Bleed For This: Born to Fight

By Pamela Zoslov

Maybe the world doesn’t need another boxing movie, but the “sweet science of bruising” has provided enough energy, velocity and melodrama for hundreds of films. The newest, Bleed For This, is based on the true story of Vinny Pazienza (Vinny Paz), a professional boxer from Rhode Island who held world titles in three weight classes. Ben Younger wrote and directed the film.

In 1991, shortly after he won the junior middleweight world title, Pazienza was in a car accident that left him with a broken neck. Doctors told him he could not fight again, and that he might not even walk again, but Pazienza was determined to continue fighting. Refusing spinal fusion surgery, he agreed to wear a metal brace called a Halo, which was screwed to his skull for three months (six months in the film). During that time, he pursued a workout regimen against doctors’ advice, and returned to the ring victorious, a mere thirteen months after the accident that nearly crippled him. His triumph is considered one of the greatest comebacks in boxing history.


Miles Teller plays Vinny, the upstart fighter enjoying the fame and perks of his rising career — high-dollar Vegas matches, strip clubs, gambling, gold chains, hot girlfriends. He’s cocky, striding in late for a pre-match weigh-in at Caesar’s Palace wearing nothing but a leopard-print thong. Vinny has to go to great measures to make weight in his junior welterweight division; after a bloody knockout defeat to Floyd Mayweather, he is rushed to the hospital with dehydration. His father, Lou (Ciáran Hinds), his manager and his trainer, Lou Duva (Ted Levine), advise him to give up boxing. He refuses. “Give me another shot. Just one more.”

Vinny is sent to Catskill, New York to train with Kevin Rooney, who famously trained Mike Tyson. Rooney, played by Aaron Eckhart with a paunch and receding hairline, is a serious alcoholic but a first-class trainer who urges Vinny to move to the junior middleweight division. This proves a good move, as he wins the WBA World Title, defeating World Jr. Middleweight Champion Gilbert Dele with a second-round knockout. (The movie compresses his fight history somewhat; Pazienza’s first fight in the junior middleweight division was a USBA Championship bout against Ron Amundsen.)

The thrill of victory is short-lived. One afternoon, a car Vinny is riding in, driven by a friend, is hit head-on, and the film becomes a story of arduous recovery. Forced to wear the cumbersome metal Halo and lie day and night in a Craftmatic bed in his parents’ living room, Vinny begins to despair. No one believes he will ever fight again, and at a surprise birthday party given by his family and friends, Vinny complains, “I’m sick of people talking about me like I’m dead.” He rejects the available options. “Train kids at the gym? Talk about how I used to be a fighter?” No, he says. “This is what I do.”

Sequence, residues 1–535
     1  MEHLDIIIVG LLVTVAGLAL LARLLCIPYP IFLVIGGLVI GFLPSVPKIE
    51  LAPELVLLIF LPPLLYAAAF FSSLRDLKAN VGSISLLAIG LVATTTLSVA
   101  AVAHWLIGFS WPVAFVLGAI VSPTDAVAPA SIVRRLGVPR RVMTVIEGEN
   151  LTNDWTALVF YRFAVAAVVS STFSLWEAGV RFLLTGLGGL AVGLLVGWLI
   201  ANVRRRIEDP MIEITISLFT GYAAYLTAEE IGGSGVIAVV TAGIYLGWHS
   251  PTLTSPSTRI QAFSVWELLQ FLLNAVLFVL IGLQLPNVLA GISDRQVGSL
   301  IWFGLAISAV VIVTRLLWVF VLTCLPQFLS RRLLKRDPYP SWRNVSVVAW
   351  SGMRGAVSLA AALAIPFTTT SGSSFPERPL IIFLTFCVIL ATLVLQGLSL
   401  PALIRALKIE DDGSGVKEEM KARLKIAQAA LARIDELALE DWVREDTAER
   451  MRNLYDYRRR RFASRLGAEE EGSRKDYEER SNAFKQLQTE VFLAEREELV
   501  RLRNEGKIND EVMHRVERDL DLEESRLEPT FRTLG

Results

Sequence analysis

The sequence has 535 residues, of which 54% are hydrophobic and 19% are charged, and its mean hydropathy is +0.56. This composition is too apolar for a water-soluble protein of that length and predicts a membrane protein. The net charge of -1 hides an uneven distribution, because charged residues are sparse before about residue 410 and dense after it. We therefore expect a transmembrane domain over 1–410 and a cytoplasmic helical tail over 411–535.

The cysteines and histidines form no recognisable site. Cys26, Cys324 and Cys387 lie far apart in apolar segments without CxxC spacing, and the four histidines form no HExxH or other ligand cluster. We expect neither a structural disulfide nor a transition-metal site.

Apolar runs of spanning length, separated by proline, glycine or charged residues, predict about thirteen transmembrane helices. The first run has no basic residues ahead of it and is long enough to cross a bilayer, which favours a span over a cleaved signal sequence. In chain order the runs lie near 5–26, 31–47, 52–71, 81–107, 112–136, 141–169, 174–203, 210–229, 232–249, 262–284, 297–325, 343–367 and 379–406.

Determined to get back in the ring, Vinny persuades the reluctant Rooney to help him train in his family’s basement. The pair take elaborate measures to conceal their efforts from his worried parents. Rooney warns that he’s risking his life for “a Hail Mary at best.” But Vinny says, “It’s time to roll the dice.”

The return to the ring of the “Pazmanian Devil” is not easy; no boxer will agree to fight him. “No one wants to be the one who sends you back to the hospital,” his dad tells him. But this obstacle, too, is overcome. The real Vinny Paz defeated Luis Santana in his first fight after the accident; the movie goes directly to his bruising 12-round bout with Roberto “Hands of Stone” Duran.


This inspirational tale of grit and determination overcoming diversity is old-fashioned at its core, but the style is exciting. Larken Seiple’s cinematography conveys the glitz and glamor of Vinny’s high life, the gray gloom of his health struggles, and the fervor of the fights. Zachary Stuart-Pontier’s kinetic editing, alongside a raucous soundtrack of classic hard rock and blues, make for an exciting, high-velocity experience.

The story has many unpersuasive and unsatisfying elements. Vinny’s recovery seems easier than it must actually have been, and the real Vinny Paz’s character has been sanitized (Paz has had multiple arrests for DUI and domestic violence). The lack of fully written women’s roles and the parade of strippers, ring girls and topless girlfriends suggests this is a movie made with men in mind.

Even for a boxing film, it’s not particularly original, borrowing much from, for instance, David O. Russell’s The Fighter, particularly the characterization of Vinny’s raucous, tight-knit Italian family — scenes of his sisters crowded together on the couch in Providence cheering Vinny’s televised matches, while Mom (Katey Sagal, seriously underused) prays before her candle- and icon-filled altar. The influence of Martin “Raging Bull” Scorsese, an executive producer of this movie, is also felt.

But it hardly matters, to me at least, if it breaks new ground. It’s an enjoyable, energetic piece with good performances, zesty production values and a useful message about the power of persistence. Grade: B

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